Scarponi Wins Stage 19 of 2010 Giro d'Italia and Basso Grabs Pink Leader's Jersey
Former Giro winner Ivan Basso took over the leader's pink jersey in the 2010 Giro d'Italia after Michele Scarponi won an epic 19th stage of the Tour of Italy.
Former Giro d'italia winner Ivan Basso took over the leader's pink jersey in the 2010 Giro d'Italia after Michele Scarponi won an epic 19th stage of the Tour of Italy on Friday.
Basso finished second on the day's stage over 195km from Brescia to Aprica but came home more than three minutes ahead of David Arroyo to move to the top of the overall standings.
Other contenders such as Australian road race world champion Cadel Evans, Kazakh Alexander Vinokourov and former Tour de France winner Carlos Sastre also lost more than three minutes.
Basso now leads Arroyo by 51 seconds with the Italian's compatriot and Liquigas team-mate Vincenzo Nibali, who finished third on the stage, third at a distance of 2min 30sec.
Evans (4:00) is fifth overall with Sastre (5:32) sixth and Vinokourov (6:02) eighth.
It was a classic stage that provived thrills throughout and lots of drama as the gap on the road, and in the overall standings, between Basso and Arroyo ebbed and flowed.
The crucial moment came on the penultimate climb, the legendary and gruelling Passo del Mortirolo.
Arroyo was quickly dropped by the contenders as Liquigas turned on the gas.
Sastre and Vinokourov were next to be dropped off the back before Evans too failed to keep the pace by now being set by Basso himself.
Only Nibali and Scarponi could stay with him and when they caught and passed Stefano Garzelli, who had broken away on the previous climb, they were at the front and riding for time.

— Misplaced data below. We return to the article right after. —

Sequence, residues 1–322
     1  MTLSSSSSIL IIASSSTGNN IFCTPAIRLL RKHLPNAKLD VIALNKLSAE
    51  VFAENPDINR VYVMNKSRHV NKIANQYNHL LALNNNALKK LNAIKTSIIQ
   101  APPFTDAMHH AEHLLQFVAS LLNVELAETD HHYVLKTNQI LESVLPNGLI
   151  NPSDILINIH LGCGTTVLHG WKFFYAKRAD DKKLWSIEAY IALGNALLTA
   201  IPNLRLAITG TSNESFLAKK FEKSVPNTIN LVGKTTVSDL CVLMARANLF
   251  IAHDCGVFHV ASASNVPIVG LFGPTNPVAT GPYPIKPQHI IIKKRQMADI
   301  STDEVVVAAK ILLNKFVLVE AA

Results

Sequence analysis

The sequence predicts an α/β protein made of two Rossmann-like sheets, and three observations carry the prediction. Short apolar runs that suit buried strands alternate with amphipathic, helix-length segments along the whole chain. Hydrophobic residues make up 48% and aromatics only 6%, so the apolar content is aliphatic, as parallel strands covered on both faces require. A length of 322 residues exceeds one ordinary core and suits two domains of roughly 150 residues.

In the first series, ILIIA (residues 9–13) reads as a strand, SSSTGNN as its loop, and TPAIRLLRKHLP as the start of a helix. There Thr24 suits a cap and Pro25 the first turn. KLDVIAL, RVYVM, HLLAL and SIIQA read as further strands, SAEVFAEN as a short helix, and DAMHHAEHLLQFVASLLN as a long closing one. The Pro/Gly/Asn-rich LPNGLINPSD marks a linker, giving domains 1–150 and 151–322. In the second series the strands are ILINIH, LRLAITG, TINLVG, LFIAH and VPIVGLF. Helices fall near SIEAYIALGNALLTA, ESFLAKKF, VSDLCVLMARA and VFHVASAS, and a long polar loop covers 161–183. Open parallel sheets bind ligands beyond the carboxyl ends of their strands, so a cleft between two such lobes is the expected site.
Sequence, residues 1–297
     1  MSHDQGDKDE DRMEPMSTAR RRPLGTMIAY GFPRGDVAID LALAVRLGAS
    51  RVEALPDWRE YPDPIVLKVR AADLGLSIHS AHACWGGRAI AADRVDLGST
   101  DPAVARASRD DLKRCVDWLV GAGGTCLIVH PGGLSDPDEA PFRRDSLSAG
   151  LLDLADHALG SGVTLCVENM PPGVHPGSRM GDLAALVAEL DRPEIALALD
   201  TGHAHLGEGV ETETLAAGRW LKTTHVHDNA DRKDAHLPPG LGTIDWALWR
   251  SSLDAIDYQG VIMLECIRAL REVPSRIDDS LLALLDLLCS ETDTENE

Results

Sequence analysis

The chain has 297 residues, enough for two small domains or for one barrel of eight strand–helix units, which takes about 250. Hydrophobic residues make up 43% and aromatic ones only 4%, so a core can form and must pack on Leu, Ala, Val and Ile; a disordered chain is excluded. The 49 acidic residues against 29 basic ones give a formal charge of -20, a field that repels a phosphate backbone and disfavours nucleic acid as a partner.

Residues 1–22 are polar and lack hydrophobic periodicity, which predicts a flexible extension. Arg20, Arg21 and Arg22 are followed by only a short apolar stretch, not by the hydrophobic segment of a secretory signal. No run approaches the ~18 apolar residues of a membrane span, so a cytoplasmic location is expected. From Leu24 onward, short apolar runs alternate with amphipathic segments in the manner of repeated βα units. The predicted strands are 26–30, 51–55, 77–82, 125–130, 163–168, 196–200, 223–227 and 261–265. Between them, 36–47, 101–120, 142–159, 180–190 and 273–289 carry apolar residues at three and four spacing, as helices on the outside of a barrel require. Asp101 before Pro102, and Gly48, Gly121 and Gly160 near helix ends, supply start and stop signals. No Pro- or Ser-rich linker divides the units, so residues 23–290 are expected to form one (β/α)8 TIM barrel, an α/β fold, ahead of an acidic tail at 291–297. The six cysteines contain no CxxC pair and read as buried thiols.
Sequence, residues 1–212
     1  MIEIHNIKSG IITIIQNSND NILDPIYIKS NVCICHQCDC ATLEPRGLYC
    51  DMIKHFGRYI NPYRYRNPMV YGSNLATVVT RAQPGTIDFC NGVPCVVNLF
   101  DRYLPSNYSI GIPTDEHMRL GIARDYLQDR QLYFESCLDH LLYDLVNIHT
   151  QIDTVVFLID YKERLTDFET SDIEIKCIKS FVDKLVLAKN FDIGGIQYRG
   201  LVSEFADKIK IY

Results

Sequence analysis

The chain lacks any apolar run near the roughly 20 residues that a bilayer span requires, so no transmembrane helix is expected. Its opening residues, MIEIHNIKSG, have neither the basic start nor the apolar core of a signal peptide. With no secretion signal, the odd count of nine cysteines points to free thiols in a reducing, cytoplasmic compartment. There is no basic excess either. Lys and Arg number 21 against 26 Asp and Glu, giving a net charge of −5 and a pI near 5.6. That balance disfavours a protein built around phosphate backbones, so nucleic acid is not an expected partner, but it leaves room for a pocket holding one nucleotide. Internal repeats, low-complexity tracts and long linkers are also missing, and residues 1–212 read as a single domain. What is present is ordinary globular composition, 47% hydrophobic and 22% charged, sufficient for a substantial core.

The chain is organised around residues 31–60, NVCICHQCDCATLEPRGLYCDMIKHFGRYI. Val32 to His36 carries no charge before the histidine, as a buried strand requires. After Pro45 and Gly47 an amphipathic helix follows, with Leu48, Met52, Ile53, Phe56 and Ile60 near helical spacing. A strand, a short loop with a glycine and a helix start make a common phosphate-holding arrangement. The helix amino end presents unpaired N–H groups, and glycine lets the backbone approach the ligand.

They went over the top with a 55sec lead over Vino, who had broken free of his companions, with Evans 1:30 back and Arroyo at 1:42.
Arroyo put in a breathtaking descent, though, and by the bottom he had joined Vinokourov and cut the lead to just 38secs, boosting his chances of holding onto pink as he started the day 2:27 ahead of Basso.
Evans had managed to get back up to Sastre and Frenchman John Gadret and when the three joined Vino and Arroyo, they appeared to have the group needed to reel in the three leaders.
However, only Arroyo and Evans seemed willing to work with Sastre occasionally pulling a turn.
Up front Basso and Nibali were going hell for leather with Scarponi putting in some work as they reached the closing stages.
The two Liquigas riders were far better organised than the chasers and suddenly, over the last 12 kilometers or so, the gap started to increase quickly.
It was heart-breaking for Arroyo, whose grit and determination to climb back after looking dead and buried at the bottom of the Mortirolo was a wonder to witness.
But by the time he reached the line, losing 3:06 as well as Basso's 12 bonus seconds for finishing second, he looked a beaten man.
Evans said the Liquigas team was the difference. "There's five of them and there's one of me and the rest of us are all left as the best of each of our team," he said. "They've got the strength in the numbers and also the